For Aimee Higgs and Julie Fitzpatrick, it was an "overall vibe" that St. Charles was the place to be in the Western suburbs.
That vibe convinced the two to lease the north end of the former St. Charles National Bank building at 200 W. Main St. for a fall opening of The Dailey Method, a fitness studio providing classes in a workout method stressing core strength and balance.
"The new changes in the area have created an enticing atmosphere that has spurred amazing growth and a sense of community," Higgs, a resident of Naperville, said about St. Charles. "That is what our studio is all about, and with the Downtown St. Charles Partnership and chamber of commerce embracing us, there was clearly no other choice."
The 3,000 square feet in what was Fifth Third Bank's north-end addition (when Fifth Third resided there) fits the studio perfectly, Higgs said.
Fitzpatrick, of Batavia, said nearby parking and an outdoor patio for people "to hang out" after their workouts were plusses for what she considers a perfect location.
Real estate firm Sperry Van Ness/Landmark is working to lease the rest of the building, which has been empty since 2008, other than law firm Foote, Meyers, Mielke & Flowers occupying the top floor.
The Dailey Method has locations throughout the Chicago region and appears to be growing in popularity.
"The workout is based on principles of orthopedics, alignment and balance, rather than choreography," Higgs explained. "It makes for a safer and healthier workout for your body."
Fitzpatrick, who teaches the method at the Naperville location in Fifth Avenue Station, said she became hooked on it four years ago.
"I have tried everything and I always hit a plateau," Fitzpatrick said. "With this, I never hit a plateau, it always becomes more challenging."
Higgs said The Dailey Method works for men and women and various program packages will be available, though she notes that practicing the method a few times a week produces the best results.
It all stems from a fitness guru named Jill Dailey, who started The Dailey Method 11 years ago in California.
"It is true that most clients are women, but men get so much out of this class, too," Higgs said. "Men tend to be a little tighter in areas of the body such as their lower back and hamstrings, and our class focuses on these areas."
Higgs and Fitzpatrick are hoping The Dailey Method can be open for classes by October.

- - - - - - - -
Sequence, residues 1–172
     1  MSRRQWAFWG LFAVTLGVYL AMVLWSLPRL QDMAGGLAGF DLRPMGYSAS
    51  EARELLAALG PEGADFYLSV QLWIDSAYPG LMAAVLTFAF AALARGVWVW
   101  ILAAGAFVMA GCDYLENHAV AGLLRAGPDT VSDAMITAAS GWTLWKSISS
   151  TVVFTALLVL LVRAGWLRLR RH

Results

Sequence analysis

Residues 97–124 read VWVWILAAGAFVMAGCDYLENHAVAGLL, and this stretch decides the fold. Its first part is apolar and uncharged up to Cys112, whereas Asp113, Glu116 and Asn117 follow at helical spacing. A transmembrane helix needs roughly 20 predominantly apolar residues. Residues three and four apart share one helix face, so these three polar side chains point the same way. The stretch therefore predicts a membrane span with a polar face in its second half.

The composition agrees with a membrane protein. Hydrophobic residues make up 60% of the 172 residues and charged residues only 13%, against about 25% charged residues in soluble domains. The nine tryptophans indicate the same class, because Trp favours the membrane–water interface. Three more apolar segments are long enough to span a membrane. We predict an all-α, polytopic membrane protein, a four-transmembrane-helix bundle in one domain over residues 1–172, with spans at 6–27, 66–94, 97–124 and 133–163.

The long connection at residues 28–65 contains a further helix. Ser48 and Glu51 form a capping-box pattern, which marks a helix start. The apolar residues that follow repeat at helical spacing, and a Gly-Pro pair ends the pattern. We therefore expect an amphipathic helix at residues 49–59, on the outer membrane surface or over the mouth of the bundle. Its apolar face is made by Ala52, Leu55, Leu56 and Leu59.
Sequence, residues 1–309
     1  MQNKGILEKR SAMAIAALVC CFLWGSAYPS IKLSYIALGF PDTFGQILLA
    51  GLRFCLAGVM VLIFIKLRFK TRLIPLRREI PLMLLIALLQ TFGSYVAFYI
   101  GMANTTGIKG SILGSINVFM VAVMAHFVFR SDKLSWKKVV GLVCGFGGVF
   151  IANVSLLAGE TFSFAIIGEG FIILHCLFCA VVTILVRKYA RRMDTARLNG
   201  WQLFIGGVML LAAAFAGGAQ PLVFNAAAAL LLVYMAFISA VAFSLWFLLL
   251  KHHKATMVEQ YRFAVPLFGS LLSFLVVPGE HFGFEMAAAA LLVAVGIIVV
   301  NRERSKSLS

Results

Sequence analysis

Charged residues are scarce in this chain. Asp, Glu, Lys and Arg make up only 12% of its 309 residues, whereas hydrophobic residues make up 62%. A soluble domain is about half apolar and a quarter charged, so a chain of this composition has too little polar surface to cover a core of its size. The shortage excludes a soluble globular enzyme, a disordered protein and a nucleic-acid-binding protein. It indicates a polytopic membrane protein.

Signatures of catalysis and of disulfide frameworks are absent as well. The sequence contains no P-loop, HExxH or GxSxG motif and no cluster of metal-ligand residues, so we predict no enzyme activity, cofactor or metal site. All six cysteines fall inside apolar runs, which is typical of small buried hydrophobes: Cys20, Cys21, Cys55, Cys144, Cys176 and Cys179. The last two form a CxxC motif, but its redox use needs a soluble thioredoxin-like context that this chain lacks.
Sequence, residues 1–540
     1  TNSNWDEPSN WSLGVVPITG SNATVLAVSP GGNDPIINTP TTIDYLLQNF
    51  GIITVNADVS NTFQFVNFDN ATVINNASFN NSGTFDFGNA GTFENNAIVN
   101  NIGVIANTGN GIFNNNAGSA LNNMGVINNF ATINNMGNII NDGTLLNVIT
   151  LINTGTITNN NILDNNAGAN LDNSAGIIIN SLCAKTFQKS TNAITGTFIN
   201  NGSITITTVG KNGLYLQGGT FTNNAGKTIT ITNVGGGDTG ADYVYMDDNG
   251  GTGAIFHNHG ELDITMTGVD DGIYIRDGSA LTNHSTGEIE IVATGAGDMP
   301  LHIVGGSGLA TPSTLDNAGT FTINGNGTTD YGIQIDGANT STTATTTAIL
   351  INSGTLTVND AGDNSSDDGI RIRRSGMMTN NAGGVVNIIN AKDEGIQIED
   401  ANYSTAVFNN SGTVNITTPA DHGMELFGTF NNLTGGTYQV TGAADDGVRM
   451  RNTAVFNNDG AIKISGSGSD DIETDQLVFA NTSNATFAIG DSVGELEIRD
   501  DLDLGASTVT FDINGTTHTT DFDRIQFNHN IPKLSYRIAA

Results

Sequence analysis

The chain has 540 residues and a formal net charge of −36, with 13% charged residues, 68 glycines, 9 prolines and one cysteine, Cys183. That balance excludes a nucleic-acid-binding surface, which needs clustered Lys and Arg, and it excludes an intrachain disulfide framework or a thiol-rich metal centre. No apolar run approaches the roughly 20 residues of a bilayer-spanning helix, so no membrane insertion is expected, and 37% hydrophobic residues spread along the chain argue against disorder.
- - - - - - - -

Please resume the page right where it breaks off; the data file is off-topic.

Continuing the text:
Pulling for Geneva: Kathleen Newhouse has built such a fondness for Geneva, she can't stand to see any business in the city faltering.
Newhouse, owner of Park Place Interiors in Dodson Place along Third Street, was disappointed to see neighboring store Dreamwear recently close its doors.
"It makes me sad to see any company close its doors due to the poor economy," said Newhouse, who recently closed her Elmhurst location, but says it was partly because the Geneva store, in its seventh year, was doing so well.
Newhouse knows the loss of any store in a business district hurts all of the others.
"I absolutely love Geneva and the spirit that is in the city," she added. "I hope that our friends and neighbors continue to shop downtown and keep stopping in to visit."
Eggplant and chocolate: Speaking of Third Street in Geneva, here's another reason it is the envy of so many other cities: On a nice summer night, a dinner of eggplant Parmesan and a couple of glasses of wine at Chianti's was followed up with a peanut butter cookie covered in Belgium chocolate at Chef Alain Roby's All-Chocolate Kitchen.
The cookie was about the size of my head and, yes, I ate the whole thing, much to the astonishment of my wife and friends.
There is much to love about the Tri-Cities in the summer, and that's just one story.
It's a start: Organizers of the fundraiser three weeks ago for golf instructor Rich Flores and his battle with cardiac amyloidosis and plasma cell cancer estimated that Flores' medical bills could soar higher than $1 million.
They were happy to report that the event had already raised more than $120,000, and that donations continue to come into the FriendsofRichFlores.org website.
Rare construction site: Remember when buildings were going up so quickly around here you could barely keep up with what was what? Those days are long gone, to the point you are surprised when you actually see a construction site.
Such may be the case when you drive by the corner of Route 38 and Williamsburg Avenue in Geneva and see that big hole in the ground.
That's going to be the site of a new 15,400-square-foot LivingWell Cancer Resource Center. Ground was broken a couple of months ago on the project.
Sales and diapers: One would think that the most important item in a recent St. Peter Church bulletin was the reminder that the Geneva church was going to stage the popular Barn Sale on one weekend (Sept 17-18) again this year, rather than the several weekends that were tried last year.
But my suspicion is another item was especially good news for new parents: Changing tables have been installed in the bathrooms located in the church narthex.
Praise the Lord and pass the baby wipes?